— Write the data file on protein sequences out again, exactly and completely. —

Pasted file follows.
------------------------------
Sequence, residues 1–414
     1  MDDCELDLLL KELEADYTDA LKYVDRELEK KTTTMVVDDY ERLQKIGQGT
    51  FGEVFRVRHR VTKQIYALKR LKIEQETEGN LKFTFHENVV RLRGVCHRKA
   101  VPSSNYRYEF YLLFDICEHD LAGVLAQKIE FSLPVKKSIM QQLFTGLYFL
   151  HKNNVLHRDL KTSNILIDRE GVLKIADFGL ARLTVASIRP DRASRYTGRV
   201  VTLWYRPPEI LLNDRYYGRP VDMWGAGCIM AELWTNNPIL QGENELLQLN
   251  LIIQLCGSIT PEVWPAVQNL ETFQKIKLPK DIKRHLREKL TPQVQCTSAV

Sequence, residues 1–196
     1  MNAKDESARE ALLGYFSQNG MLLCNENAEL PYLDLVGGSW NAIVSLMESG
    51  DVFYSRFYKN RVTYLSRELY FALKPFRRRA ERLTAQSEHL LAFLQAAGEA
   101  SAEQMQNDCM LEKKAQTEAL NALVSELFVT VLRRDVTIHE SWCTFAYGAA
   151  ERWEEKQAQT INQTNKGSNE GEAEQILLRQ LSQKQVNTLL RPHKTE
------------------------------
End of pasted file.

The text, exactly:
Sequence, residues 1–414
     1  MDDCELDLLL KELEADYTDA LKYVDRELEK KTTTMVVDDY ERLQKIGQGT
    51  FGEVFRVRHR VTKQIYALKR LKIEQETEGN LKFTFHENVV RLRGVCHRKA
   101  VPSSNYRYEF YLLFDICEHD LAGVLAQKIE FSLPVKKSIM QQLFTGLYFL
   151  HKNNVLHRDL KTSNILIDRE GVLKIADFGL ARLTVASIRP DRASRYTGRV
   201  VTLWYRPPEI LLNDRYYGRP VDMWGAGCIM AELWTNNPIL QGENELLQLN
   251  LIIQLCGSIT PEVWPAVQNL ETFQKIKLPK DIKRHLREKL TPQVQCTSAV

Sequence, residues 1–196
     1  MNAKDESARE ALLGYFSQNG MLLCNENAEL PYLDLVGGSW NAIVSLMESG
    51  DVFYSRFYKN RVTYLSRELY FALKPFRRRA ERLTAQSEHL LAFLQAAGEA
   101  SAEQMQNDCM LEKKAQTEAL NALVSELFVT VLRRDVTIHE SWCTFAYGAA
   151  ERWEEKQAQT INQTNKGSNE GEAEQILLRQ LSQKQVNTLL RPHKTE